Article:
Eye-opening internship leads lawyer back to St. Jude
Kaleigh Davis always knew she wanted to make a difference, but it took some divine intervention to change her course. “I’ve always wanted to do the cliché of ‘helping people’ and not just work to make money but to make a difference, however that may be,” she says. As Associate Counsel at St. Jude Children’s Research Hospital, Davis is tasked with duties typical of any attorney, but her client is more than unique.
“When I was in my first year of law school, my brother was diagnosed with a brain tumor and came to St. Jude,” Davis explains. “He’s doing really well. But I didn’t really know what exactly I wanted to do in law school until I learned that St. Jude offered internships to second and third year law students.”
This internship opened her eyes to a new sector of law, and a new opportunity to help others through her work. “Watching my brother go through everything, I was intrigued by health law. I came to Memphis (for the internship) and spent the summer here and absolutely loved it. So to find out that health law was something I really liked and was full of so many opportunities was an added bonus,” she says with a smile.
“I loved everyone I worked with inside the legal department, the institution as a whole, and the city. After I graduated, I was a prosecutor for a year and a half and then I was able to come to St. Jude full-time. It was a dream come true to be able to come back after being an intern. I learned a lot as a prosecutor, but I think where I am now is a good fit for my interests and passions.”
For Davis this includes work in the areas of health care regulatory law, medical legal issues that might affect patients, policy drafting research and employment law. “My client is St. Jude, so I represent the institute only,” she explains. “An example might be that I’m called upon to say who is the appropriate consenter for a patient looking at legal documents.”
Davis was hired on as a Staff Attorney in 2014 and became Associate Counsel in the fall of 2017. Along with the promotion came new opportunities to hone her leadership skills and influence the environment of her colleagues. She’s already learned a few things that make any experience more meaningful — how to listen well, communicate clearly, learn to laugh at yourself and always follow through.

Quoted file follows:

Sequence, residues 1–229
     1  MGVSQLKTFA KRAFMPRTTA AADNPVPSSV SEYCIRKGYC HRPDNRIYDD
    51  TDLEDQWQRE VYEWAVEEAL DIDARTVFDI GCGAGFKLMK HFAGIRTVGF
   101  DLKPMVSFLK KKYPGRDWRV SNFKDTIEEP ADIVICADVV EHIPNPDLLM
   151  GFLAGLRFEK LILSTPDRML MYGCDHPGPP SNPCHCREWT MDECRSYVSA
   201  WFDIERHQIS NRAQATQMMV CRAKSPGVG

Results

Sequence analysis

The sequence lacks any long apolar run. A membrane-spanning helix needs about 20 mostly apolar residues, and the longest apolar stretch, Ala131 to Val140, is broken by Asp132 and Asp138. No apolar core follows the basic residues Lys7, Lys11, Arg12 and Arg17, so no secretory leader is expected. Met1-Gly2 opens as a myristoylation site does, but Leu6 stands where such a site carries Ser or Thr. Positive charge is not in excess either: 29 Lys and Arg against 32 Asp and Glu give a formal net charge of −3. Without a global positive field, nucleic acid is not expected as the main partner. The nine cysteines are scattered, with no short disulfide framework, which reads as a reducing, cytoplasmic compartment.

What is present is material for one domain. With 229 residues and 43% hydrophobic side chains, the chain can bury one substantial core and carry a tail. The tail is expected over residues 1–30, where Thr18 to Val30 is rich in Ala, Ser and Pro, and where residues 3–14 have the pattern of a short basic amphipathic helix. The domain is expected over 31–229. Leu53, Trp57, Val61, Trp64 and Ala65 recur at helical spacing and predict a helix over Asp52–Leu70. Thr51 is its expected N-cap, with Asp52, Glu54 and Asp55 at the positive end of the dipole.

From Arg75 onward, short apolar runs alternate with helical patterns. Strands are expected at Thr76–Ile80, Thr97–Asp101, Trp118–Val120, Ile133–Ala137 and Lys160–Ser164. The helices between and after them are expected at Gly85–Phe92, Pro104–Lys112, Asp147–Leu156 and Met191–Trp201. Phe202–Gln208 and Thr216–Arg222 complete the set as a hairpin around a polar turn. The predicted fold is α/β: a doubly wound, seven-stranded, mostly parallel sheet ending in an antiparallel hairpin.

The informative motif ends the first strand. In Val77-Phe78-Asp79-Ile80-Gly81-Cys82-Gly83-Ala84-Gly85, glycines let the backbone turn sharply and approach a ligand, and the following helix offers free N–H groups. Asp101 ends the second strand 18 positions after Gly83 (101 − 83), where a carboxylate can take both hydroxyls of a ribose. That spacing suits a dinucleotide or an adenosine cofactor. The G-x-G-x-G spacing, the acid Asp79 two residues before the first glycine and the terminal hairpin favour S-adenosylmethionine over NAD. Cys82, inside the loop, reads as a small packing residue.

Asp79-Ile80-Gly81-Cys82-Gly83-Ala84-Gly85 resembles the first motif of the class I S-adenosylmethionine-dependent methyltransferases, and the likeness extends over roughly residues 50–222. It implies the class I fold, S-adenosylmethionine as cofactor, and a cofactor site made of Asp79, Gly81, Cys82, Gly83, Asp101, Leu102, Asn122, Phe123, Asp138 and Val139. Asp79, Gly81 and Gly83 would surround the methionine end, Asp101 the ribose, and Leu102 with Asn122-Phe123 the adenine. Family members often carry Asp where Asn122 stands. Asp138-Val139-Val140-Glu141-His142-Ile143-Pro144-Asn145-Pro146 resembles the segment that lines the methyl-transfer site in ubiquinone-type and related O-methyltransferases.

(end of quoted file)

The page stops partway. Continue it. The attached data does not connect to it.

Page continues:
“Most of what I do is problem solving, so having an open environment for people to express ideas is key. The best way to have a horrible brainstorming session is for people to not feel comfortable talking,” she says with a laugh. “Likewise, follow-through is always important, especially as a younger person in my role. People have a variety of expectations of you based on your age — some good, some bad — one of the best ways to show people that you’re dependable is to follow through in a timely manner. I’ve found that to go a long way with colleagues. Dependability speaks volumes of your work ethic.”
As a transplant to the city, Davis cites volunteerism and getting involved as the best ways to make a new city feel like home. She’s the current Chair of the Outreach Committee for the Memphis Bar Association Health Law Section and serves as a board member for the organization. Additionally, she’s active in her local church. Striking a balance between personal and professional activities allows for a more “well-rounded” experience. This is something that’s been helpful when dealing with the ups and downs of working at an organization that toes the line between illness and innovation.
“On one hand it’s amazing to be here and watch the kind of care that we provide,” she says. “The environment we create for patients to come here and get treatment is an experience unlike any other. Conversely, it’s very difficult to see children fighting for their lives (on a daily basis). We’re not off-site somewhere, so when I go to the cafeteria I see first-hand how hard this journey can be. It’s difficult. But when you’re having a hard day, it’s wonderful to be able to go down to watch the kindergarten graduation or prom and see the joy that we provide as well. I like to think I’m a piece of that even though I’m not administering care to anyone. I hope that joy is something I foster with others.”
Kaleigh Davis is a graduate of New Memphis’ Embark program. Learn more at newmemphis.org.
*This article originally appreared in The Memphis Daily News.